Michael Ben-Yair, whom Rabin appointed as Harish’s successor, wrote Dec. 8 on his Facebook page that the attorney general and the top court must express their views on whether, from a normative point of view, someone accused of severe public corruption is fit to rule until a court clears his name. Ben-Yair argued that this question should not be left to the public to decide at the ballot box since the election results could be influenced by misleading propaganda rife with incitement.

Ben-Yair’s position echoes the words of late Supreme Court Chief Justice Meir Shamgar, who led the lineup of justices deliberating in the petitions against Rabin over his refusal to dismiss Deri and Pinchasi. “If a man facing an indictment that accuses him of taking a bribe worth hundreds of thousands of shekels and in other ways abusing his administrative posts serves as a Cabinet minister,” Shamgar wrote in his September 1993 decision, “this will have far-reaching implications for the image of Israel's government, its good faith and respectability.”

Shamgar noted that parliamentary-political considerations could be relevant in the case (Rabin was afraid Shas would bolt his coalition government if he were to fire Deri), but when there is evidence of an alleged criminal offense by a member of government, the severity of the offense is all the more relevant. The weight of all other considerations is reduced, Shamgar ruled, the more egregious the offense.

Deri, like Netanyahu, was indicted on charges of bribery, fraud and breach of trust, which is why the precedent-setting ruling in his case is appropriate in Netanyahu’s case as well. The ruling in Deri’s case stated that as long as the minister is under such heavy suspicions, he is unfit to be in charge of the public’s money, and there is even suspicion that he could be placed in a conflict of interest. The ruling also stated that the resignation must come into effect regardless of a demand for a Knesset immunity against going to trial.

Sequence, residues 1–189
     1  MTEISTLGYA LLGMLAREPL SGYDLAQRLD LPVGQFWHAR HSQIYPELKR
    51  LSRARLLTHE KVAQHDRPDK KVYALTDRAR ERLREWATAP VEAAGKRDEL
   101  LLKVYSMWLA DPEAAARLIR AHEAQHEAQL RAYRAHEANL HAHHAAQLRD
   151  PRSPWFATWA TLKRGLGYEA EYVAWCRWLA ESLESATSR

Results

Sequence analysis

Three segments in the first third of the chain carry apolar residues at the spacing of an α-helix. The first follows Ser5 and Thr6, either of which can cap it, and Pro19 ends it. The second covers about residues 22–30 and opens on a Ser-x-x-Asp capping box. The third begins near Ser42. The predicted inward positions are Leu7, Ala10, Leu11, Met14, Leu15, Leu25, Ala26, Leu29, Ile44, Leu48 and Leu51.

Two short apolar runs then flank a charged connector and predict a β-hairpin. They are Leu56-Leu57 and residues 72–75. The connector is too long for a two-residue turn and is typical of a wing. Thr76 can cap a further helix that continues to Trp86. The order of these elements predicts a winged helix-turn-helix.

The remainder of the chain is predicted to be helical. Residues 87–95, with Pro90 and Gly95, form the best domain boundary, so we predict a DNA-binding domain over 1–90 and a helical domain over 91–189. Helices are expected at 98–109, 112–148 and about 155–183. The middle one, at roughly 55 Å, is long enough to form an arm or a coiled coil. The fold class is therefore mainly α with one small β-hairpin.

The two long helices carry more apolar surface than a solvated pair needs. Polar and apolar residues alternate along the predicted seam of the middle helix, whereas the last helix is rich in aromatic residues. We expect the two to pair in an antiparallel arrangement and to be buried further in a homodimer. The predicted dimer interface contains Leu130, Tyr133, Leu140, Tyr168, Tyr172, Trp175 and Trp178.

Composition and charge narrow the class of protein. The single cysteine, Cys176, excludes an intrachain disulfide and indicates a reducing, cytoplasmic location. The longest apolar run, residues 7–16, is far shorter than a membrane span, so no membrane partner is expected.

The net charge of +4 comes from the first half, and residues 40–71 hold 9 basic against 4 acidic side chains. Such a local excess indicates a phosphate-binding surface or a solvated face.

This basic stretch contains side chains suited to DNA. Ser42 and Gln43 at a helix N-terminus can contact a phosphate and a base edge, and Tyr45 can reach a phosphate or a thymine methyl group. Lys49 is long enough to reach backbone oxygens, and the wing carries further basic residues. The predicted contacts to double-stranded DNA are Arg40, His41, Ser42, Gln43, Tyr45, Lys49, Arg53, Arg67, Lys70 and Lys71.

If a minister is subjected to such principles, then all the more so the chief of the Cabinet. The attorney general and the justices will be unable to ignore the precedent set by the high court under Shamgar in the cases against Deri and Pinchasi. The presumption of innocence until convicted did not help the two ministers. Both of them had to resign even before the guilty verdict. So, why should the head of the caretaker government Netanyahu benefit from the presumption of innocence and not step down?

Shamgar, considered one of Israel’s most eminent judges, was a member of the Jewish Lehi and Etzel underground movements that fought against the British in Palestine. He was never suspected of leftist or purist leanings. As Shamgar lay in state Oct. 22, 2019, Netanyahu delivered a eulogy, calling Shamgar “the pillar of fire of Israeli law,” and adding: “His unique contribution to shaping the Israeli legal system is priceless. … His firm and persistent belief in freedom of expression, individual liberty, the dignity of man, tolerance, is reflected in every ruling he has ever handed down.” As he said, “every ruling,” without exception. That includes the one that showed the door to politicians under the shadow of indictment.